Postgres and multi-dimensions arrays in JDBC

For a side project I’m doing I needed to use multi-dimension arrays in PostgreSQL using JDBC. There were no clear examples online on how to do this – and some forum posts claimed it wasn’t doable, so I wrote this short JUnit class to test the functionality. Needless to say – it works…
Some points – JDBC spec recommends you call the Array.free() method after using the array, but in the PostgreSQL driver version I was using (9.0 build 801) this was not supported.

public class TestMultiDimensionalArray {

	public Connection getConnection() throws Exception {
		Class.forName("org.postgresql.Driver");
		Connection c = DriverManager.getConnection(
				"jdbc:postgresql://localhost/engine", "user", "pass");

		return c;
	}

	@Test
	public void testCallableMultiDimensionRetValue() throws Exception {
		Connection c = getConnection();
		
		CallableStatement stmt = c.prepareCall("select * from select_schedules()");
		ResultSet rs = stmt.executeQuery();
		while (rs.next()) {
			Array outputArray = rs.getArray(1);
			String[][] realArray = (String[][])outputArray.getArray();
			System.out.println(realArray.length + "-->" + Arrays.toString(realArray[0]));
			
		}
		stmt.close();
		c.close();
	}

	@Test
	public void testCallableMultiDimensionInOutParams() throws Exception {
		Connection c = getConnection();
		
		CallableStatement stmt = c.prepareCall("{ call select_schedules_params(?,?)}");
		String[][] elements = new String[2][];
		elements[0] = new String[] {"meeting_m","lunch_m"};
		elements[1] = new String[] {"training_m","presentation_m"};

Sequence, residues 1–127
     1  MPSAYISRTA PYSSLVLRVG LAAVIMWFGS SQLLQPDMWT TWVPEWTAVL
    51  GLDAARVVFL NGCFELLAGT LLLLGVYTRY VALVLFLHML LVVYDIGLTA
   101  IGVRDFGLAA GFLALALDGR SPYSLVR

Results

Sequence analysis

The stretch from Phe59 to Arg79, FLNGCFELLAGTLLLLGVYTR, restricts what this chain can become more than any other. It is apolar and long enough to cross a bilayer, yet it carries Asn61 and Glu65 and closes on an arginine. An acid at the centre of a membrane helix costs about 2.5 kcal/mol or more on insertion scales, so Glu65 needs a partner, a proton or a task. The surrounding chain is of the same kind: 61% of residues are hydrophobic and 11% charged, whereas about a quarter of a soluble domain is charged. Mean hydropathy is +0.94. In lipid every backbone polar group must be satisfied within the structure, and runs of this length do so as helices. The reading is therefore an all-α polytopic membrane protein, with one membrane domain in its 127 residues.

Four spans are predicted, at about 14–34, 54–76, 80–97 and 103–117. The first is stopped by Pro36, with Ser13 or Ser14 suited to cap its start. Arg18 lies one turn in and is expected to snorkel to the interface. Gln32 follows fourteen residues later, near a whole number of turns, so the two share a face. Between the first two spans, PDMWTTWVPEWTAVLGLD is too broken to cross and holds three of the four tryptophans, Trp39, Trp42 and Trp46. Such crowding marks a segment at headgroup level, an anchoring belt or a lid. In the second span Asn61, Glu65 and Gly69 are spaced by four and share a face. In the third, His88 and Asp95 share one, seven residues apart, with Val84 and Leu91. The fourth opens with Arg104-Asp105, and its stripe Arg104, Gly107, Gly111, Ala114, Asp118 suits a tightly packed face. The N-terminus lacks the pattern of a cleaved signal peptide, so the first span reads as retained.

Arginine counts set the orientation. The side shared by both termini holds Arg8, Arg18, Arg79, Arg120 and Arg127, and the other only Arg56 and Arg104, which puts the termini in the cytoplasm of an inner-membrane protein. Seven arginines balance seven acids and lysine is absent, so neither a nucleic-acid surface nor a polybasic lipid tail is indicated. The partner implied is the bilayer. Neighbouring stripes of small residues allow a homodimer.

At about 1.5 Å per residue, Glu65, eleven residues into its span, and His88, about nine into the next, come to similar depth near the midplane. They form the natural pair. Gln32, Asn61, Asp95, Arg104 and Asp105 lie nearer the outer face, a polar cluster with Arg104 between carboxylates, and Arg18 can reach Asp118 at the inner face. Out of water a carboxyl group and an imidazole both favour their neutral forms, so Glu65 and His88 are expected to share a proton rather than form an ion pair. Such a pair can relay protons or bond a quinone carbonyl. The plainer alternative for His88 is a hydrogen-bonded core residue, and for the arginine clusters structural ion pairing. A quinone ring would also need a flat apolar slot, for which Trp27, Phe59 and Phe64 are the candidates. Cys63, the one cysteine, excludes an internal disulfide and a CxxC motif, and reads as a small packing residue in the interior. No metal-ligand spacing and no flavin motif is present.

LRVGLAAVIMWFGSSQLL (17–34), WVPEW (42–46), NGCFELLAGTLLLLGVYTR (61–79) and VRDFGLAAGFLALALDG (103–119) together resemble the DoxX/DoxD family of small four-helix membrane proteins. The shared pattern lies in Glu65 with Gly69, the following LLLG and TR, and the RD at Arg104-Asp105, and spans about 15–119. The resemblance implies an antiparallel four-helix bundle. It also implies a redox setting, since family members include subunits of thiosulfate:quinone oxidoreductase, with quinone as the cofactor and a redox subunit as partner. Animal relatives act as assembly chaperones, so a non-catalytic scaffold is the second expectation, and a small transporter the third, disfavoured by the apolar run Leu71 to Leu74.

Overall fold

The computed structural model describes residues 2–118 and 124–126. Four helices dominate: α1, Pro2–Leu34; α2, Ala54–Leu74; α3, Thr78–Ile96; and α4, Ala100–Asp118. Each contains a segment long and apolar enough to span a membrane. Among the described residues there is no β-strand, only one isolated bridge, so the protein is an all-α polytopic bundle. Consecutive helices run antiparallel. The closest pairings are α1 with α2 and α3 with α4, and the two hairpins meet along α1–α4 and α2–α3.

Array inArray = c.createArrayOf("text", elements);
		
		stmt.setArray(1, inArray);
		stmt.registerOutParameter (2, java.sql.Types.ARRAY);
		
		stmt.execute();
		
		Array outputArray = stmt.getArray(2);
		Assert.assertNotNull(outputArray);
			
		String[][] realArray = (String[][])outputArray.getArray();
		Assert.assertEquals(2, realArray.length);
		
		stmt.close();
		c.close();
	}

	@Test
	public void testInsertSingleDimension() throws Exception {
		Connection c = getConnection();
		
		PreparedStatement stmt = c.prepareStatement("INSERT INTO sal_emp VALUES ('Bill',?,'{{\"meeting\", \"lunch\"}, {\"training\", \"presentation\"}}');");
		Array myArray = c.createArrayOf("integer", new Integer[] {1000,1000,1000,1000});
		stmt.setArray(1, myArray);
		stmt.execute();
		stmt.close();
		c.close();
	}
	
	@Test
	public void testInsertMultiDimension() throws Exception {
		Connection c = getConnection();
		
		PreparedStatement stmt = c.prepareStatement("INSERT INTO sal_emp VALUES ('multi_Bill',?,?);");
		Array intArray = c.createArrayOf("integer", new Integer[] {1000,1000,1000,1000});
		String[][] elements = new String[2][];
		elements[0] = new String[] {"meeting_m","lunch_m"};
		elements[1] = new String[] {"training_m","presentation_m"};

		//Note - although this is a multi-dimensional array, we still supply the base element of the array
		Array multiArray = c.createArrayOf("text", elements);
		stmt.setArray(1, intArray);
		stmt.setArray(2, multiArray);
		stmt.execute();
		//Note - free is not implemented
//		myArray.free();
		stmt.close();
		c.close();
	}
	
	@Test
	public void testSelectSingleDimension() throws Exception {
		Connection c = getConnection();
		Statement stmt = c.createStatement();
		ResultSet rs = stmt.executeQuery("SELECT 1 || ARRAY[2,3] AS array;");
		if (rs.next()) {